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History of cricket

The sport of cricket has a known history beginning in the late 16th century. Having originated in south-east England, it became the country’s national sport in the 18th century and has developed globally in the 19th and 20th centuries. International matches have been played since 1844 and Test cricket began, retrospectively recognised, in 1877. Cricket is the world’s second most popular spectator sport after association football. Governance is by the International Cricket Council (ICC) which has over one hundred members although only ten play Test cricket.

Origin

The origin of cricket is unknown. There is a consensus of expert opinion that it was probably created during Saxon or Norman times by children living in the Weald, an area of dense woodlands and clearings in south-east England that lies across Kent and Sussex. The first definite reference is dated Monday, 17 January 1597 (Julian date; see below).

There have been several speculations about the game’s origins including some that it was created in France or Flanders. The earliest of these speculative references is dated Thursday, 10 March 1300 (Julian date) and concerns the future King Edward II playing at “creag and other games” in both Westminster and Newenden. It has been suggested that “creag” was an Olde English word for cricket but expert opinion is that it was an early spelling of “craic”, meaning “fun and games in general”.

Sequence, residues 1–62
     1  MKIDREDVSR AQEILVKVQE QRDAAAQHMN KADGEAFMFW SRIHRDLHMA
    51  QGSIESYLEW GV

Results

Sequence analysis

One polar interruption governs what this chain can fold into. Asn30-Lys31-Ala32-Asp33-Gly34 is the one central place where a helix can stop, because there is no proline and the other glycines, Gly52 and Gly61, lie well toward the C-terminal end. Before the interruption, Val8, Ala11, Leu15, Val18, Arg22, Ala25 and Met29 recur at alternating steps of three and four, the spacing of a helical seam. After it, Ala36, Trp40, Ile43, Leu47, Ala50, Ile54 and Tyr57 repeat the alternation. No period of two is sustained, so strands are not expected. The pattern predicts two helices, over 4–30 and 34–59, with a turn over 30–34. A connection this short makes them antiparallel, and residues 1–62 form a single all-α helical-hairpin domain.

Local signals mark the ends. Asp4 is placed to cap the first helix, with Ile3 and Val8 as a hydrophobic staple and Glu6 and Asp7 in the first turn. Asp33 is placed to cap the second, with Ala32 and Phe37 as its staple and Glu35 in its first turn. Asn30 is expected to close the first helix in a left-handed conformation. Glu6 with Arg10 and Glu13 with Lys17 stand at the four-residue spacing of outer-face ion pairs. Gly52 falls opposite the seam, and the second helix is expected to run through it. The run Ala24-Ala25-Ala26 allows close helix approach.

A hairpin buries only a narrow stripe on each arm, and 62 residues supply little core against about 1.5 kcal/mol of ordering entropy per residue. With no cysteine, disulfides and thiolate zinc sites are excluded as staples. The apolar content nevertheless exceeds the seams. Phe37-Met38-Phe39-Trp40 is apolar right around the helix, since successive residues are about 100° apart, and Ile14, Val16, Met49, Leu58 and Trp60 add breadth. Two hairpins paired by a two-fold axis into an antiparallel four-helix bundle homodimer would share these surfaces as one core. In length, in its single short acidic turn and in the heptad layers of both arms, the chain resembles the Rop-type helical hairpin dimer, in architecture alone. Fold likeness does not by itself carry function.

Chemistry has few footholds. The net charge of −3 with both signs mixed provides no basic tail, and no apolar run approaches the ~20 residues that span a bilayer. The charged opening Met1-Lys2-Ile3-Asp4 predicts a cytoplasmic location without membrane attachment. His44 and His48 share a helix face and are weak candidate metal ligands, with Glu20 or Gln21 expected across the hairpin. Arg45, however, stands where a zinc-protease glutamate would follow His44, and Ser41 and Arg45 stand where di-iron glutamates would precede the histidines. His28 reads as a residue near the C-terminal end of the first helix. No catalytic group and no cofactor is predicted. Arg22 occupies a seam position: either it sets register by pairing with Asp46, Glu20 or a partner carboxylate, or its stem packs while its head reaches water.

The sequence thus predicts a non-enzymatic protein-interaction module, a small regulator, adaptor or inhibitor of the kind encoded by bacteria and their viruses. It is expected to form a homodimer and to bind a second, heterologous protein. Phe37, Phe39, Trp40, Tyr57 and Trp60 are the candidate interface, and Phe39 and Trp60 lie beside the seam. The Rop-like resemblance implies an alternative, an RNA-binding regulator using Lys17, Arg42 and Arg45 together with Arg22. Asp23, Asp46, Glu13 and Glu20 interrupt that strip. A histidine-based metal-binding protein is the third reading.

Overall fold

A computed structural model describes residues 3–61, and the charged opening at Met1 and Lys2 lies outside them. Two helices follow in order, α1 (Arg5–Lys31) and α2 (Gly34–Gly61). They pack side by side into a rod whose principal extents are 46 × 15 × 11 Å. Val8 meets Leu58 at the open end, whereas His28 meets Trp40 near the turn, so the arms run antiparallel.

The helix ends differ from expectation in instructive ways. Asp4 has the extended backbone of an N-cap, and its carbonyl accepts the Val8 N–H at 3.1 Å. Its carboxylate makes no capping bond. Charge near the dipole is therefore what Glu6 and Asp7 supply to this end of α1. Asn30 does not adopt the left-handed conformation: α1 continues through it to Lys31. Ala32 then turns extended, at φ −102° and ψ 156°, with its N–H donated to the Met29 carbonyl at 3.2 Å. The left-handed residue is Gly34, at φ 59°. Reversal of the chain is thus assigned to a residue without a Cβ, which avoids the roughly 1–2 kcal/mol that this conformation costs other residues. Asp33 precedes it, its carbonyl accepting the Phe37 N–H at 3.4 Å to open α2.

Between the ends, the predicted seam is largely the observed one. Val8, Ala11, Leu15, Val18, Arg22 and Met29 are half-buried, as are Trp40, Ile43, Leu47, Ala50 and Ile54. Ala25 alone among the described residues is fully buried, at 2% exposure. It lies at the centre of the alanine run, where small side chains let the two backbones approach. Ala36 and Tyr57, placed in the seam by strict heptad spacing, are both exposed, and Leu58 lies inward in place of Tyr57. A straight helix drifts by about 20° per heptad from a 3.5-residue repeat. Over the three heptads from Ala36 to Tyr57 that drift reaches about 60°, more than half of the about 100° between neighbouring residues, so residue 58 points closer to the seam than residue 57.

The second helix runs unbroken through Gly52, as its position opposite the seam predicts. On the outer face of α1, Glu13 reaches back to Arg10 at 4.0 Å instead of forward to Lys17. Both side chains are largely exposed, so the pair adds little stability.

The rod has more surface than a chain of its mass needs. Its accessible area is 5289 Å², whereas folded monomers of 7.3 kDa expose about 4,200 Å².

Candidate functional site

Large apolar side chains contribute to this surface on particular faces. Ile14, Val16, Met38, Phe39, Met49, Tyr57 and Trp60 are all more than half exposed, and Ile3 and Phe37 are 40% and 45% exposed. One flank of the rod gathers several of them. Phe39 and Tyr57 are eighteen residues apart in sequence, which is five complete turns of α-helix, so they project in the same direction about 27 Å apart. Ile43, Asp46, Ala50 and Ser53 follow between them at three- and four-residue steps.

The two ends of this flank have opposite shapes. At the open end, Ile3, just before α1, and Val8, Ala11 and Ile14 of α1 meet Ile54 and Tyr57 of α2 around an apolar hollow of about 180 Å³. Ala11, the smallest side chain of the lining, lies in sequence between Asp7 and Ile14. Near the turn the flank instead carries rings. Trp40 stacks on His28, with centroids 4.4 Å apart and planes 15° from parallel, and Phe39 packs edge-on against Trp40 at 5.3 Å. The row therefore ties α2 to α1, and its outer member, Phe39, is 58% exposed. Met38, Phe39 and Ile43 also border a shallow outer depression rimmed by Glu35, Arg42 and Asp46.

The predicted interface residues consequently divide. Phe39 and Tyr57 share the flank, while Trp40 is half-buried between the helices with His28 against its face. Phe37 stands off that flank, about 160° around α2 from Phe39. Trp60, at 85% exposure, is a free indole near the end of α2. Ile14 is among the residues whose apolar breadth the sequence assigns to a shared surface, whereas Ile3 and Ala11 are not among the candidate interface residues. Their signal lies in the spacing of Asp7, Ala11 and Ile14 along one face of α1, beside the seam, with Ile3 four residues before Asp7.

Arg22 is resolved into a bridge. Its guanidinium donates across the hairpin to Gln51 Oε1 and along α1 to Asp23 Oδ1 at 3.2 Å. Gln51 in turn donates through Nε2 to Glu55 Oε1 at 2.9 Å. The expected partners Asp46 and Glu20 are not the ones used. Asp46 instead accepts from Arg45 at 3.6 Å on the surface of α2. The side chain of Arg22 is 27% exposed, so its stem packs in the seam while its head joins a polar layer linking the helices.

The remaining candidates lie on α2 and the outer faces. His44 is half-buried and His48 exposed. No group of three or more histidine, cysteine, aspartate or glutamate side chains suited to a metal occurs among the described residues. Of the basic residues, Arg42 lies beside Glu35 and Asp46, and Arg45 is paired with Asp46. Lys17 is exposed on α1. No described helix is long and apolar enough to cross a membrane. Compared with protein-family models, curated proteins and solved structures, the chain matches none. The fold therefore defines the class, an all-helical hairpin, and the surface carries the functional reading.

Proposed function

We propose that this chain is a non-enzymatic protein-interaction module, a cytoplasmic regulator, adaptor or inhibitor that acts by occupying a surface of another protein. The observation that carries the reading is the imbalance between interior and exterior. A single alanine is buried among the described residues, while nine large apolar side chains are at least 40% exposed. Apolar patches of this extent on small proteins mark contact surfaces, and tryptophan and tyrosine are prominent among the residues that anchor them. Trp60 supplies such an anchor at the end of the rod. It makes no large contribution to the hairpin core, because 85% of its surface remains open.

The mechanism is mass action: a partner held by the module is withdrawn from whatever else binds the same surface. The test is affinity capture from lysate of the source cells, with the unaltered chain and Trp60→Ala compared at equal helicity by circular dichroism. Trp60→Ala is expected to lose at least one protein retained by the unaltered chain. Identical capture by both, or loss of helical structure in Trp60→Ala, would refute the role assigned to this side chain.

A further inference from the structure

It is generally believed that cricket survived as a children’s game for many generations before it was increasingly taken up by adults around the beginning of the 17th century. Possibly cricket was derived from bowls, assuming bowls is the older sport, by the intervention of a batsman trying to stop the ball from reaching its target by hitting it away. Playing on sheep-grazed land or in clearings, the original implements may have been a matted lump of sheep’s wool (or even a stone or a small lump of wood) as the ball; a stick or a crook or another farm tool as the bat; and a stool or a tree stump or a gate (e.g., a wicket gate) as the wicket.